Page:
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Current Research in Bacteriology
  Year: 2010 | Volume: 3 | Issue: 4 | Page No.: 197-213
DOI: 10.3923/crb.2010.197.213
 
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Condition Stabilization for Pseudomonas aeruginosa MTCC 5210 to Yield High Titers of Extra Cellular Antimicrobial Secondary Metabolite using Response Surface Methodology

E. Madhava Charyulu and Armugam Gnanamani

Abstract:
The present study demonstrates statistic based experimental design for optimization of medium components for production of Secondary Metabolite (SM) from marine microbial isolate Pseudomonas aeruginosa MTCC 5210 in steady state condition. Significant effect of medium components (carbon, nitrogen, temperature and pH) on the production of secondary metabolite initially identified using one-factor-at-a-time approach. Peptone serves as optimum nitrogen source for microbial growth, while beef extract identified for high titers of secondary metabolite production. The optimum pH for growth is 7.5 and secondary metabolite production was at 7.0 and 7.5. Maximum growth was at 30°C and secondary metabolite production at 37°C. Using above results, Response Surface Methodology (RSM) employed to optimize the concentration of media components for production of SM and the quadratic model to fit the response. Response surface analysis revealed 1.4687 g L-1 of beef extract and 0.3 g L-1 of NaCl as optimum concentrations at pH 7.0 and temperature 37°C, which produces 3.857 g L-1 of secondary metabolite. This yield is 2.078-fold increase over the yield of un-optimized growth conditions. Antimicrobial activity of secondary metabolite evaluated against both gram positive and gram-negative strains and with Methicillin Resistant Staphylococcus aureus (MRSA) strains of local hospital origin emphasizes, secondary metabolite of MTCC 5210 acts as anti-MRSA agent.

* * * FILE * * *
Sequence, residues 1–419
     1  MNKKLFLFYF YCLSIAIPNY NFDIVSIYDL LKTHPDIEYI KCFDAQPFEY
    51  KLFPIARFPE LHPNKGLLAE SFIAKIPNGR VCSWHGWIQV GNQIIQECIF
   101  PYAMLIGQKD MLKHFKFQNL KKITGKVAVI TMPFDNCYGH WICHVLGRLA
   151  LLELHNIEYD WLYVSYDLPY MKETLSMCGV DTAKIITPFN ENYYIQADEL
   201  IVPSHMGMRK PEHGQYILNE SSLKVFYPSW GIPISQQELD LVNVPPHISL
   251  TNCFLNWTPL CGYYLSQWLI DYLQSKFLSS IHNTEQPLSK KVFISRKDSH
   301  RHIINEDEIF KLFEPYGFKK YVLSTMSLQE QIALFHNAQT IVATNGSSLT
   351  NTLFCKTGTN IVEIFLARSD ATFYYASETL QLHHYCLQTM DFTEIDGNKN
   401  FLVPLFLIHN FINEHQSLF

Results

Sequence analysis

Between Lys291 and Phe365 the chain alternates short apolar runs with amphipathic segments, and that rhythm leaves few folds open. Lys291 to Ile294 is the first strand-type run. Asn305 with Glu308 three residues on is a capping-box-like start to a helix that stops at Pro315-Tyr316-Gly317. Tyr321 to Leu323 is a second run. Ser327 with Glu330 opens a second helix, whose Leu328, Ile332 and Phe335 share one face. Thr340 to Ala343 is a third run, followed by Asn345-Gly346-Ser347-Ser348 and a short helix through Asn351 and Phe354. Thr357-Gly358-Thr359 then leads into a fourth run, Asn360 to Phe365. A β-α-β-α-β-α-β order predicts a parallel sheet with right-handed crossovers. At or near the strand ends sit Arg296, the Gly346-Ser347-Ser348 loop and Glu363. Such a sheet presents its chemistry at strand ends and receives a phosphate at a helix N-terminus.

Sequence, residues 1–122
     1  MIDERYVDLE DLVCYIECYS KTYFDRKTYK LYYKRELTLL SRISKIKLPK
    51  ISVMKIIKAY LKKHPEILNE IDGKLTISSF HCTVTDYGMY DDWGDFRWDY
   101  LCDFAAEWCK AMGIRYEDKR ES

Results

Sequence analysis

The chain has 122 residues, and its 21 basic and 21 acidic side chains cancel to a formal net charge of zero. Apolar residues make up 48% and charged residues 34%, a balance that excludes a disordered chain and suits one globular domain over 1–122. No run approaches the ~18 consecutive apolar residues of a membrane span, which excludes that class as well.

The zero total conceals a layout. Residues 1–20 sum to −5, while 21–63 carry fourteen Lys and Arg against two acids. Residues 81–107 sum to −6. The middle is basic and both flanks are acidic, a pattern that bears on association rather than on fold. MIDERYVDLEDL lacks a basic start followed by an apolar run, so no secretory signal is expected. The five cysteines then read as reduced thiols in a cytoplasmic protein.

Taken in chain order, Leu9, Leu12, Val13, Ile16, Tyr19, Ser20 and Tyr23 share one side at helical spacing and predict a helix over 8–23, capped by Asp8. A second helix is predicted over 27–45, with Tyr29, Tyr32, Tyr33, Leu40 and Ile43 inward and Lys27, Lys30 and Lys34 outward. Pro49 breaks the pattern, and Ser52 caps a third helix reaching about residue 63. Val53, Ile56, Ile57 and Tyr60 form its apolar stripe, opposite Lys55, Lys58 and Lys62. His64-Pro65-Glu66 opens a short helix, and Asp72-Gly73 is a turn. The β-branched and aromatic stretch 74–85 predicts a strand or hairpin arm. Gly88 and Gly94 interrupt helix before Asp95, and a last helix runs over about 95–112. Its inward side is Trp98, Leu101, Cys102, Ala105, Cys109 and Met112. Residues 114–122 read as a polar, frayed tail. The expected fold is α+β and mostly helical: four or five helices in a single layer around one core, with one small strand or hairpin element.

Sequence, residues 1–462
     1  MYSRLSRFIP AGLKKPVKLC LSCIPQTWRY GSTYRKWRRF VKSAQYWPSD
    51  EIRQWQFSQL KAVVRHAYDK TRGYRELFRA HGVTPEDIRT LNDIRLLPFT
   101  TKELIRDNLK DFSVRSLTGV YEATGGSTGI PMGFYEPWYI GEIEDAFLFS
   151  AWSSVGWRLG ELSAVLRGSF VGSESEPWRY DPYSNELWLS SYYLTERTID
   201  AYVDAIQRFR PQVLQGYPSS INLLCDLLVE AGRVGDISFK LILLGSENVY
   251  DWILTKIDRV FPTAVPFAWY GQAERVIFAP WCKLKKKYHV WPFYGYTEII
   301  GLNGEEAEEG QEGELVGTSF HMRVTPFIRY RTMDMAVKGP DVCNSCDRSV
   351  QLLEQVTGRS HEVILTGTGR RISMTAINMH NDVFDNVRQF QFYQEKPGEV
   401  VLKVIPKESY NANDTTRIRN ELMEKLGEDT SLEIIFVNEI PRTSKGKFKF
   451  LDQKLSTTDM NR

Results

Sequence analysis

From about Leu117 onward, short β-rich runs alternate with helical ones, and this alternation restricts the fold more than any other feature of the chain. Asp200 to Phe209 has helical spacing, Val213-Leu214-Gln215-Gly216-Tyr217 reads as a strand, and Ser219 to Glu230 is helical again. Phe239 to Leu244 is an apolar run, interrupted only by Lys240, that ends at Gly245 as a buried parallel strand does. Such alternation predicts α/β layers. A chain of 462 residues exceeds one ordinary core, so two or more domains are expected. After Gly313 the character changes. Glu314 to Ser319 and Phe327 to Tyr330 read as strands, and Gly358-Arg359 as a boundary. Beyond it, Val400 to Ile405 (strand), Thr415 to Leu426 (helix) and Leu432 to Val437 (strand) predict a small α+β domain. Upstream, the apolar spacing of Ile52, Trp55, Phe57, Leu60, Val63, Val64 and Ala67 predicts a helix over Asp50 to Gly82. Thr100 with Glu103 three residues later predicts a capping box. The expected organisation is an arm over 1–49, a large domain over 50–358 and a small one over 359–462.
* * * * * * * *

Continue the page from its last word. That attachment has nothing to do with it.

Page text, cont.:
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How to cite this article:

E. Madhava Charyulu and Armugam Gnanamani, 2010. Condition Stabilization for Pseudomonas aeruginosa MTCC 5210 to Yield High Titers of Extra Cellular Antimicrobial Secondary Metabolite using Response Surface Methodology. Current Research in Bacteriology, 3: 197-213.

DOI: 10.3923/crb.2010.197.213

URL: https://scialert.net/abstract/?doi=crb.2010.197.213

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